Killer Scarves: A Scientific Investigation into the Effects of Kaffiyeh Adornment
// June 6th, 2008 // Blog
Abstract: Contrary to previous findings, diligent scientific experimentation conducted by Dr iMuslim (PhD pending) of the London College of Fashion Accessories, has proven that the draping of a kaffiyeh onto one's person does not in fact induce any tendency towards engaging in terrorist activity.
Background & Aims: During the week beginning 26th May, a paper published by Malkin, et al [Fox News, 2008] stated that the adornment of a well-known culinary technician with a scarf resembling one commonly observed in the Arab world, was sufficient stimulus to directly promote violent behaviour (recommended review). In response to this peculiar hypothesis, the author aimed to conduct an investigation into the effects of wearing, what would in theory be, the most potent isoform of the scarf family of Arab clothing accessories: the kaffiyeh.
Methods & Results: The test group, which consisted of over 4,500 subjects derived from a wide range of backgrounds, cultures, and ethnicities, was subjected to several hours of kaffiyeh exposure; yet none of the volunteers developed any of the expected symptoms of terroritis, such as the repetitive waving of the right index finger at nearby video cameras, or the random exclamation of “Die America!”, whilst simultaneously firing an AK-47 into the air (Figure 1).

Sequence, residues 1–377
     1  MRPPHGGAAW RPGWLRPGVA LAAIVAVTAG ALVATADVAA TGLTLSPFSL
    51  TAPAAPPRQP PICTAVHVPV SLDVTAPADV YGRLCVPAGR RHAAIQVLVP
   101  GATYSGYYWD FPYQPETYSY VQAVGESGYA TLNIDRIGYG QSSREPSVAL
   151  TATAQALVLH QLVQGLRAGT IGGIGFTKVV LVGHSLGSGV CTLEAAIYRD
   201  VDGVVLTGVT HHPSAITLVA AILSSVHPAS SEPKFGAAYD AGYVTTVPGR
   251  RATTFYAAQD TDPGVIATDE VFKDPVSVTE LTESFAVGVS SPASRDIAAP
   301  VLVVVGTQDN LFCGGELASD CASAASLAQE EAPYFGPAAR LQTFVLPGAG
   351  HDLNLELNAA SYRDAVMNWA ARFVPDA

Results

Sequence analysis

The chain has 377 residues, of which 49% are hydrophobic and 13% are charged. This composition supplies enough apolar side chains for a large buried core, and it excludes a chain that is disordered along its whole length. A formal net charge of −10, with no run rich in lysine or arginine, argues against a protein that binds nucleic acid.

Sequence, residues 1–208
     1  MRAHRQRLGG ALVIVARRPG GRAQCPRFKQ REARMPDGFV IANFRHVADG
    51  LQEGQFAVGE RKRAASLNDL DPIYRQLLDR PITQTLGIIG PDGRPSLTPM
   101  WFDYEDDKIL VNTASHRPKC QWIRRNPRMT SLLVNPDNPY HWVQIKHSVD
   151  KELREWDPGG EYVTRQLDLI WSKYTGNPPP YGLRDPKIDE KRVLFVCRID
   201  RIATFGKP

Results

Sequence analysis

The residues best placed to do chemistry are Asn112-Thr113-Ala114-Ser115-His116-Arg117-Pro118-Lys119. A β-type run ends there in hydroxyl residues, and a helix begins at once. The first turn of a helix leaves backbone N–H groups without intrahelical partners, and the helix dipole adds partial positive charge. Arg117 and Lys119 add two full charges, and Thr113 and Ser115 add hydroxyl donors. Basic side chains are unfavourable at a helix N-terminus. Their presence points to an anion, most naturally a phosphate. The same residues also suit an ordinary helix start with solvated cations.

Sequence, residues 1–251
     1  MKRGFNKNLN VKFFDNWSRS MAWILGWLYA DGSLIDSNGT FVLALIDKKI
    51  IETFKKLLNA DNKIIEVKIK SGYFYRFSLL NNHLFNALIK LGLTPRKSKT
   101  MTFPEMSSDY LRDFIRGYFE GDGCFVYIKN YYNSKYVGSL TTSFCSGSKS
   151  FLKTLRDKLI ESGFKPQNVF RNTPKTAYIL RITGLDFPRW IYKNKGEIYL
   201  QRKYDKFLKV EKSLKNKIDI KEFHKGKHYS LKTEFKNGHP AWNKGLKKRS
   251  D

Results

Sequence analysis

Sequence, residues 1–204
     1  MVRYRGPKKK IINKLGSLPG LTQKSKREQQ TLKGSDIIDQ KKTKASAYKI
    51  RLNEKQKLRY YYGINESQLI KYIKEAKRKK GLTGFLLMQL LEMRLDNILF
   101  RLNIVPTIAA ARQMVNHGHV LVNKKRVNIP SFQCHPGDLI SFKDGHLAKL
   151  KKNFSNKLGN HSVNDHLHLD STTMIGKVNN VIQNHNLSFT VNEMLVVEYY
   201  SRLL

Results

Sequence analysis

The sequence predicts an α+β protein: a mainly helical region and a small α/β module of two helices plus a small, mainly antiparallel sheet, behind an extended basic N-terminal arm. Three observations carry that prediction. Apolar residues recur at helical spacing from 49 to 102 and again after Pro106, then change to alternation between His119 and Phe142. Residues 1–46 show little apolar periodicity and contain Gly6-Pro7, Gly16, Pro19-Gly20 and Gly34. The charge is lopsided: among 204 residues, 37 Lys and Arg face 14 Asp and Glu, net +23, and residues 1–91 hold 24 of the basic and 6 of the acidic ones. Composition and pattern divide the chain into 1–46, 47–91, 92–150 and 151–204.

Figure 1: An illustrative example of one test subject wearing the kaffiyeh, displaying no adverse side effects. Her face has been obscured in respect of patient confidentiality.
Conclusion: The results of this study strongly suggest that the kaffiyeh does not possess the ability to negatively influence the wearer into performing any type of criminal activity. It is important to note that the original paper published on this subject did not contain sufficient evidence to support the proposed hypothesis of an alleged association between the aforementioned apparel with acts of extreme violence.
The author hopes that her exhaustive research into this field will finally prove that the claims of her respected colleagues were indeed baseless, and in light of the presented findings, recommends that they should
shut the heck up retract any previous remarks made in the public sphere.
Furthermore, she urges those institutions that have formulated business plans based on the flawed research of Malkin, et al, to immediately cease such activities, lest they suffer long-term financial damage.
Supplementary Information: The full report containing official statistics, along with photographic evidence can be found on the ‘Īd=20090243695">Online Journal of Social Networking. In addition, a detailed account of the methods used in this study has been listed on the author's home page.